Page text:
With the day-to-day pressure on the FPB 78 Series winding down we’ve had time to do some more camera testing. The goal is maximum quality for minimum hassle, with a high degree of portability.
When you design a yacht to deal with heavy weather, the process is made difficult by a lack of real world experience in truly dangerous conditions. But occasionally events transpire from which you can learn something. One of those is depicted above in the photo sent in by Peter Watson, the owner of FPB 64-6 Grey Wolf. Read the rest »
With the FPB 64 Grey Wolf covering an average of a thousand or more nautical miles per week on her voyage home, we have in effect an accelerated maintenance test to observe. Experienced cruisers and marine professionals will be surprised by the data accumulated since her departure from New Zealand the last week of March. Read the rest »
Life on the water is such a perfect metaphor for the uncertain adventure of opening ourselves up to what we yearn for…We have to navigate carefully, watch the changing weather patterns, think about where and how we want to go, and then, ultimately, at some point a few will untie themselves and sail off into the great unknown horizon. Read the rest »
Passaging season is upon us and the FPB fleet is on the move. While FPB 64-6 Grey Wolf nears the end of a quick 4000 NM hop, FPB 64-3 Iron Lady is on her way from Hawaii to British Columbia. The majority of the rest of the FPB feet is getting ready for or have recently completed their offshore passages.
Of all the passages you could dream up, the most difficult is the 4000NM eastbound run from the Marquesas Islands of French Polynesia to Panama. Panama lies dead upwind, with a westerly setting current to make it more interesting. Read on to find out how FPB 64-6 Grey Wolf, Peter Watson, and crew have set out to do something no motor yacht has ever done.
The southern part of the Indian Ocean is one of the few places we have found where the trades blow as advertised… and then some. Here Intermezzo is departing Christmas Island for Cocos Keeling at the start of a long haul across this boisterous bit of ocean. Read the rest »
Last week we worked with Peter Watson aboard the FPB 64 Grey Wolf to resolve a stabilizer system issue. We thought the communications regarding this might be of interest since these things do occasionally occur – typically somewhere far from home base.
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We are looking at a barometric pressure trace from the FPB 64 Grey Wolf. This occurred at the edge of the tropics South of Rarotonga in the Cook Islands. As you close with the equator slight pressure gradients create big winds. A change of as little as two mb can indicate the onset of a hurricane. The weather models – all the majors – missed this event.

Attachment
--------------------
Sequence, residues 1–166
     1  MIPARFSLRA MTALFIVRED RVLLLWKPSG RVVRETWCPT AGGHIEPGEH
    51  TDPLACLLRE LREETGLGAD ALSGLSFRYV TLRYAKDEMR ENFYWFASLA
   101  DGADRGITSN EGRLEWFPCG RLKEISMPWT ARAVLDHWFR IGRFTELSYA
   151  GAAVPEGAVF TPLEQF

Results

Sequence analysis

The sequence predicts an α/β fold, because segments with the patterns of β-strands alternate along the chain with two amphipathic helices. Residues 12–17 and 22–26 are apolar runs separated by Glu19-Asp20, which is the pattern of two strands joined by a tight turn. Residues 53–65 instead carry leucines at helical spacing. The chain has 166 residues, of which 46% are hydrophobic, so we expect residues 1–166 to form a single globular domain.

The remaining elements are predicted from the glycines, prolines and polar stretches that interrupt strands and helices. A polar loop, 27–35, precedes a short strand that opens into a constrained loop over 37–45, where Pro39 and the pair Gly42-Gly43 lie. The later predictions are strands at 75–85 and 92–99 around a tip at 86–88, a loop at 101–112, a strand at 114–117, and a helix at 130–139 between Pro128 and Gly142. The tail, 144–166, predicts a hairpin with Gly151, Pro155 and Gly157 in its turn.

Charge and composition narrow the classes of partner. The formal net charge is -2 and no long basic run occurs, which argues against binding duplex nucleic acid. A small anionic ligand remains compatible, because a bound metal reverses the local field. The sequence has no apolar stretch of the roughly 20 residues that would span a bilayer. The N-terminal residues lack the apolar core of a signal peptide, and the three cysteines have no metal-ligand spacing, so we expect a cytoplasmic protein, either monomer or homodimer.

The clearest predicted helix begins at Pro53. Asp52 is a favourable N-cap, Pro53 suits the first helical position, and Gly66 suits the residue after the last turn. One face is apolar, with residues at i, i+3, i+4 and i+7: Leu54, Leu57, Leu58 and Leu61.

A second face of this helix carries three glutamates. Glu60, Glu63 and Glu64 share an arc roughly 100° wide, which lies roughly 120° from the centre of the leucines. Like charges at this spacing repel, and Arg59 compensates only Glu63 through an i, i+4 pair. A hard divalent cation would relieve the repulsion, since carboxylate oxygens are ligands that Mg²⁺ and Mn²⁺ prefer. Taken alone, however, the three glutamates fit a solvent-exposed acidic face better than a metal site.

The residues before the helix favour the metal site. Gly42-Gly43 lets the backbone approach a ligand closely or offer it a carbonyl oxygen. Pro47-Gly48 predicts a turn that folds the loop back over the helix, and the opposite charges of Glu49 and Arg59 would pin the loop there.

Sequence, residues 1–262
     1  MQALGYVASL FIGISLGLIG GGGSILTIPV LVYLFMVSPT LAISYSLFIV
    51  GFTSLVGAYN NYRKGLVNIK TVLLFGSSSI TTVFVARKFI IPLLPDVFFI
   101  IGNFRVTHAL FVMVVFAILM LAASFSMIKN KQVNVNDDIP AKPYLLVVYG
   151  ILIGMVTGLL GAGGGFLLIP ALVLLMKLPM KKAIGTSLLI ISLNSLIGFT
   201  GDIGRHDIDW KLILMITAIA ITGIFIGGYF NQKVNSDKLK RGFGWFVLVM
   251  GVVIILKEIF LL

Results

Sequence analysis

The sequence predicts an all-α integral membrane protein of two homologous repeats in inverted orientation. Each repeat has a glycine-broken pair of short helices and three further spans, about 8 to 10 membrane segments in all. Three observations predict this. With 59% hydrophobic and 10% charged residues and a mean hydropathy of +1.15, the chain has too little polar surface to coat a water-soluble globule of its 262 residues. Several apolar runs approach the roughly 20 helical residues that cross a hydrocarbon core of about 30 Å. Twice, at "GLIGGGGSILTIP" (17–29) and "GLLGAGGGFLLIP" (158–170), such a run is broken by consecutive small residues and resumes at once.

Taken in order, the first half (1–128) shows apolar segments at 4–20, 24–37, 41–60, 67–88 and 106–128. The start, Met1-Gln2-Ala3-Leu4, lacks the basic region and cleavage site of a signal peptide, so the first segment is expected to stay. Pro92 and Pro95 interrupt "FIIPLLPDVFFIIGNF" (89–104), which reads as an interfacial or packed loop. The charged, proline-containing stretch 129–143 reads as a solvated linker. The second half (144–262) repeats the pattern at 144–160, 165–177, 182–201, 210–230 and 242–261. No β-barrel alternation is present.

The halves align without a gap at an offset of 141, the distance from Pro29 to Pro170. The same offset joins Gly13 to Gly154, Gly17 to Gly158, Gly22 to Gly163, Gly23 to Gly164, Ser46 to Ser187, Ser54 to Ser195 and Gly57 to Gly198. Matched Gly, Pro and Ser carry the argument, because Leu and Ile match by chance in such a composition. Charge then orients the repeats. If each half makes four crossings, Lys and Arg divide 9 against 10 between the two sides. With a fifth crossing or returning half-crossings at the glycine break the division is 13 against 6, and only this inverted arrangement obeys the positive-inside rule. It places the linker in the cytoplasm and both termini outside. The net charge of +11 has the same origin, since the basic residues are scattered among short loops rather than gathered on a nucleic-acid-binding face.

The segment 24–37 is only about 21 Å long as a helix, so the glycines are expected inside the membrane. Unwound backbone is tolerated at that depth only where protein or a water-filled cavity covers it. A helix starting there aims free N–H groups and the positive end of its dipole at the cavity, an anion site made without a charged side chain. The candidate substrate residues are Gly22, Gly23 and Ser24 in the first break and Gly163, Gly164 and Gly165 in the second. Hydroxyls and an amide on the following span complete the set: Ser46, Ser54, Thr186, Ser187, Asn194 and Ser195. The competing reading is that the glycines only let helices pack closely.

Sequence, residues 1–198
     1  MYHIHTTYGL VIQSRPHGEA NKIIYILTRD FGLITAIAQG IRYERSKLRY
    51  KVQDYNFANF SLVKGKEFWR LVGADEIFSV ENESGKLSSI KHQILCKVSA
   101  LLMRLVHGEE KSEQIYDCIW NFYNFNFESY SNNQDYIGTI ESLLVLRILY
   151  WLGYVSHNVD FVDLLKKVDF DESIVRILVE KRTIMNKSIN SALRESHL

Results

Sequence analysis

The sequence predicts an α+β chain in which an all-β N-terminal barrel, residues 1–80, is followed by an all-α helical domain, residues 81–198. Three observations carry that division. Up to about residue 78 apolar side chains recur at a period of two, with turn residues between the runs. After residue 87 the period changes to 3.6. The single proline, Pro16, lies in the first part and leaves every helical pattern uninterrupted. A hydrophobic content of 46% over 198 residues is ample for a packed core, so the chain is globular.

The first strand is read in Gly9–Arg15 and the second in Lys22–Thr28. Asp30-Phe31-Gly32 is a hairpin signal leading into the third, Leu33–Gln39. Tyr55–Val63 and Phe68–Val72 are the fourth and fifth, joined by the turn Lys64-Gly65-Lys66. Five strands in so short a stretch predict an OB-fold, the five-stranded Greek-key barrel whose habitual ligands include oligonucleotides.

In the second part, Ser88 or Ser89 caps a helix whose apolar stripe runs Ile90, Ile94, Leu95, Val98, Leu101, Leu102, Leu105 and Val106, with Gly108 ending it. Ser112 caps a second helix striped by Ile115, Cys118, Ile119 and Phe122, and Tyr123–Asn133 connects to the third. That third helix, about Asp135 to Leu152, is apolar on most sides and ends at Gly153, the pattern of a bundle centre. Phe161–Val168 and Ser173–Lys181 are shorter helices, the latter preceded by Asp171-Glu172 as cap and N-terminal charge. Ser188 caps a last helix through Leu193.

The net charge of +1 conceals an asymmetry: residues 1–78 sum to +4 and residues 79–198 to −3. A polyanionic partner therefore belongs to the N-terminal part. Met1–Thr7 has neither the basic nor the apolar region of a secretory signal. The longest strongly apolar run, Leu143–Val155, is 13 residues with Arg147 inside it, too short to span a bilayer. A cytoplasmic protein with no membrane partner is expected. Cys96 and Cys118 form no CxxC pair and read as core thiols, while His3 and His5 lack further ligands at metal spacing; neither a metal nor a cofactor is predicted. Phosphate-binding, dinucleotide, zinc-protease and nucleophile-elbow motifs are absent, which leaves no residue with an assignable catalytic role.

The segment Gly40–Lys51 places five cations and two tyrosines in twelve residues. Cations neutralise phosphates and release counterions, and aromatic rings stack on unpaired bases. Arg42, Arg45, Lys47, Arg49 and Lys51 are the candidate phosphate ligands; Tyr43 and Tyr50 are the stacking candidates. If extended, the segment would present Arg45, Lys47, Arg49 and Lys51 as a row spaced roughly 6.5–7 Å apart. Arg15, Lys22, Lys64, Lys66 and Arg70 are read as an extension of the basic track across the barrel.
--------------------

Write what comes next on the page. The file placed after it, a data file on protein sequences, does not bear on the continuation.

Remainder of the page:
We’ve just learned that Hobie Alter has caught the ultimate wave, and left his earthly friends and family behind. We were friends, competitors, and collaborators with this remarkable man, and thought a few anecdotes might be in order.
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After all those thousands of design and engineering hours, innumerable three dimensional images, and years of noodling on this ltest FPB series design, you would think we’d be tired of it. But these photos represent the high point in terms of buzz factor, and it won’t be equaled again until we see this latest FPB sitting on her lines, afloat in the waters of New Zealand. Read the rest »
If you are looking for a magic elixir to successful cruising, it will not be found in the marine hardware catalogs or boat shows. It will not come with state of the art electronics, or a different boat. It is much simpler than that. Of all the things you can do to enhance your cruising experience and safety, having a basic understanding of on board weather forecasting is the most important. Read the rest »
The passage between New Zealand and French Polynesia is one of the more difficult ocean crossing endeavors. At 2200 miles along the great circle route, it can often be as long as 2600 or more nautical miles depending on weather routing. John and Amanda Neal bill this as a heavy weather passage in their sail training business, and for good reason. FPB 64-6 Grey Wolf is on standby, waiting for a weather scenario that offers decent odds. Read the rest »